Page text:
Government loses vote on restructuring of information services

Administration defeated over move to regionalise Citizens Information outlets

The Government lost by 90 votes to 51 on a Fianna Fáil motion to halt plans to regionalise the services. File photograph: Alan Betson

The Government has been defeated in a vote on a planned restructuring of the Money Advice and Budgeting Service (Mabs) and the Citizens Information services.

The minority administration lost by 90 votes to 51 on a Fianna Fáil motion to halt plans to regionalise the services.

Only Fine Gael, the Independent Alliance and Independent TD Michael Lowry supported the changes which involve abolishing all Mabs and Citizens Information companies and replacing them in each case with eight regional boards.

Labour, Solidarity-PBP, the Social Democrats, the Green party, Independents4Change, the Rural Independents group and all remaining Independents supported Fianna Fáil to prevent the changes.


The vote, while embarrassing, is not binding on the Government but is an expression of the view of the House.

It is the latest vote in which the Government has been defeated, having suffered more than a dozen defeats since the it was formed in May last year.

The motion called for a cost-benefit analysis into the proposed changes. Sinn Féin's John Brady introduced an amendment that there was no need for such an analysis. He said a review had already been carried out by Mabs, which found it would cost €1 million to wind down the current services and a new regionalised model would cost about €2.3 million.

The Sinn Féin amendment was however defeated by 44 to 96 votes.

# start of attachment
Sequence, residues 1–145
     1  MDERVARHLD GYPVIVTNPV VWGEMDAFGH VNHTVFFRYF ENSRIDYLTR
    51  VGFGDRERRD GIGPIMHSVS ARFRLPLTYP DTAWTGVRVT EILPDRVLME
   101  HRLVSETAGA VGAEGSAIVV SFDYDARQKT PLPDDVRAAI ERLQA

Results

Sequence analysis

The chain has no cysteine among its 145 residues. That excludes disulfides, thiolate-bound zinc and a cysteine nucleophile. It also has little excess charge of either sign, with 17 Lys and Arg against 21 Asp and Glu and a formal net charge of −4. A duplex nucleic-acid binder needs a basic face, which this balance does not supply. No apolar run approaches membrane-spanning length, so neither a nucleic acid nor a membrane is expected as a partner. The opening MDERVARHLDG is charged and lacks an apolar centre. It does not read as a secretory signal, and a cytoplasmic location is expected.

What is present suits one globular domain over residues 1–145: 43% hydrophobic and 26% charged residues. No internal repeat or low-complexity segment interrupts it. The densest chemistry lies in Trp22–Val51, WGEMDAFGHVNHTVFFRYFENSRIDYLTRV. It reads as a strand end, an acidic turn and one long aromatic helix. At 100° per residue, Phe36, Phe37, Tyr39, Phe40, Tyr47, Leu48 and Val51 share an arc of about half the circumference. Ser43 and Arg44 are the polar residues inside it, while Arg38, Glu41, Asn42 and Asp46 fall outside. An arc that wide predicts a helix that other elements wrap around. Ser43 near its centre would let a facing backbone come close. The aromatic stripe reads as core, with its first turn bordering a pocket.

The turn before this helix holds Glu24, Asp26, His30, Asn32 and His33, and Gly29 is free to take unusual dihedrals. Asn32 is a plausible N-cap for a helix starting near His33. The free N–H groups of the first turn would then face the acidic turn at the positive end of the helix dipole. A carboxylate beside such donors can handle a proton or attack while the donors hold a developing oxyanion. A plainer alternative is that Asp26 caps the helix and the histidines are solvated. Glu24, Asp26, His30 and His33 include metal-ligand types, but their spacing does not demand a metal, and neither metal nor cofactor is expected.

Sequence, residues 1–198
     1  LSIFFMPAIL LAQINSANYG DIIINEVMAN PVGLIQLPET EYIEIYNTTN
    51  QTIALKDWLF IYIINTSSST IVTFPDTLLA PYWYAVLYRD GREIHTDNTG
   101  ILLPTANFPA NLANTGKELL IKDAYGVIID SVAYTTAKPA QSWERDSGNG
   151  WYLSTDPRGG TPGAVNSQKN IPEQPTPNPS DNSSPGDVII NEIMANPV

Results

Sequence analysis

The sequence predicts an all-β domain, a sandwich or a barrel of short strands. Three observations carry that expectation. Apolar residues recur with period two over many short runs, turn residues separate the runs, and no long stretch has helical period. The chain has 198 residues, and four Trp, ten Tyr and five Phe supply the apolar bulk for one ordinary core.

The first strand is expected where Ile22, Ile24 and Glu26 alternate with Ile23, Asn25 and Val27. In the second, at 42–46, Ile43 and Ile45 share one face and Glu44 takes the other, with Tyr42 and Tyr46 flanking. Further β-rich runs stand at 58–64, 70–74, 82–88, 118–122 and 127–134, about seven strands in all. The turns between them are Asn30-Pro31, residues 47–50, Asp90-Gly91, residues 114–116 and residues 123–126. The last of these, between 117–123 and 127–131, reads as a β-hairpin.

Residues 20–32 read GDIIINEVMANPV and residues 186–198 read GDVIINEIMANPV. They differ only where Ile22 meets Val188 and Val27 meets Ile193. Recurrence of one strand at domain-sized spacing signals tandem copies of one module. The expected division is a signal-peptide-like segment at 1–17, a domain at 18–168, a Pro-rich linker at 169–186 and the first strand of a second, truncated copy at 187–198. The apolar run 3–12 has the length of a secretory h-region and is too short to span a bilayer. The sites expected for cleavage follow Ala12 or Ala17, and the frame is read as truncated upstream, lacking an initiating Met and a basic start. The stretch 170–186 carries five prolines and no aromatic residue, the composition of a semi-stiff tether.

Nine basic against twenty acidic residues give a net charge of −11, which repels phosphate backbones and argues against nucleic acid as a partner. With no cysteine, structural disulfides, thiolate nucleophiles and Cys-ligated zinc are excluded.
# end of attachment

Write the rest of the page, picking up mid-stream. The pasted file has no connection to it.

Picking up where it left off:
The Fianna Fáil motion this week was introduced by the party’s social protection spokesman Willie O’Dea who said the Mabs and Citizens Information services were embedded in their local communities.

He said the theory behind the restructuring was that it would give rise to savings in administration and that that money would be redirected back into front-line services. “It is a lovely theory, but unfortunately the facts do not bear it out.”

Mr O’Dea said there was growing concern about the way the restructuring was being undertaken and the potential negative implications of the proposed regional model.

He criticised the lack of proper consultation on the issue with the communities involved and said the changes would fundamentally change the ethos.

“The services are Government-funded but they cannot be, nor can they be perceived to be, Government-run.”

Mr O’Dea added that the UK “has enthusiastically embraced the structure and type of system that we are now trying to jettison”.

During the debate Minister for Social Protection Leo Varadkar said there appeared to be much confusion about the intentions of the Citizens Information Board.

Mr Varadkar stressed it was not a Government decision to restructure the services.

But he said there were 93 companies responsible for provision of Citizens Information services or those of Mabs in their local areas and it was an unwieldy governance structure. “Implementing a more efficient, streamlined model means there will be 16 rather than 93 touch points for the Citizens Information Board with nationwide services; eight for Citizens Information services and eight for Mabs.”

Mr Varadkar pointed to the Mabs company structure and said it was difficult to understand “why there is a need for 450 board members to cover 51 Mabs companies, with an approximate staff compliment of 250”.

“In addition, many board members have been on a board for decades and this is no longer considered best governance practice.”

Marie O'Halloran

Marie O'Halloran

Marie O'Halloran is Parliamentary Correspondent of The Irish Times